Market Intelligence Reports

Global Market Report Q2 2023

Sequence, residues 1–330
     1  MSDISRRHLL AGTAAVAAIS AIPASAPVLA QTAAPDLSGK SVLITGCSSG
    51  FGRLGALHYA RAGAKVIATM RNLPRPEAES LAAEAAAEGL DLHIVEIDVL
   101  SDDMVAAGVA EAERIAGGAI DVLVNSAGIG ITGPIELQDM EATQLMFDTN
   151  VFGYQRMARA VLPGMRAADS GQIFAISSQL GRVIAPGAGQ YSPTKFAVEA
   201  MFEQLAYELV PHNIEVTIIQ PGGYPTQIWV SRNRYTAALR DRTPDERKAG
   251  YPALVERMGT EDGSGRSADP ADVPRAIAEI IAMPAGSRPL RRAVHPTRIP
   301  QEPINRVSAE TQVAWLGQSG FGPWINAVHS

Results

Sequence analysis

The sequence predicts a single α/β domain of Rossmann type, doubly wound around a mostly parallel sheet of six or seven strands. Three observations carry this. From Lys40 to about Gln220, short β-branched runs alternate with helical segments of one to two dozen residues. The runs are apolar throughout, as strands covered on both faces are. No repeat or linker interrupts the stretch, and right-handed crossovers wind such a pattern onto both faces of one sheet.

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ManpowerGroup Talent Solutions: Global QMR Q2 2023 | 10 North America Latin America Strategic Update on Americas • In Canada, the Fighting Against Forced Labour and Child Labour in Supply Chains Act passed its third reading in the House of Commons, marking the Act's passage in both houses of Parliament. The Act is expected to require thousands of companies – including a large number of US-based multinationals – to annually report on their steps to address forced and child labor in supply chains. The Act also will ban imports into Canada that are produced with child labor. Upon receiving royal assent, the Act will go into effect on January 1, 2024, with the first modern slavery reports due by May 31, 2024. • Mexico's Labor Ministry published new work-from-home regulations that will go into effect in six months. The new rules mandate standards for employees who spend more than 40% of their workday at home and require information technology to carry out their jobs. Employers will now be required to pay for internet service and other supplies necessary to comfortably work from home, such as ergonomic chairs, electricity and printers. Employees working from home must also be compensated the same as employees who work onsite. The new regulations also stipulate that if an employee's home is not safe for work, with adequate ventilation and lighting, then the employee cannot be compelled to work there. • The United States Supreme Court agreed to decide whether workers can bring discrimination lawsuits based on unwanted workplace transfers that were allegedly motivated by bias, an issue that can make or break many cases. The case will be heard in the next session which begins in October. • In Brazil, the Chamber of Deputies approved the bill presented by the Government that provides for equal salaries for men and women, in jobs of equal value or in the exercise of the same function. The content modifies the so- called Consolidation of Labor Laws to define that wage equality will be mandatory. The bill establishes transparency and remuneration mechanisms to be followed by the companies, determines the increase of control and provides for the application of administrative sanctions. • Costa Rica's Labor Court of San José determined that Uber maintained a labor contract with a driver who requested the recognition of his labor benefits after rendering his services from February 2017 to December 2022. This ruling is historic in Costa Rica and sets a judicial precedent. Now, the company's collaborators could claim their legal rights. Uber was ordered to pay the corresponding sums for vacations, Christmas bonuses, and social security during the employment. • In Chile, legislators passed a bill reducing the country's work week from 45 to 40 hours in a bid to improve the quality of life and rights of workers. The law incrementally lowers the work week over the course of five years until the country reaches 40 hours. The bill prevents businesses from reducing salaries because of the change and allows workers to switch to a four-day work week. However, it does not apply to informal sectors of Chile's economy, which constitute more than a quarter of the country's workforce. • ManpowerGroup Talent Solutions: Global QMR Q2 2023 | 10

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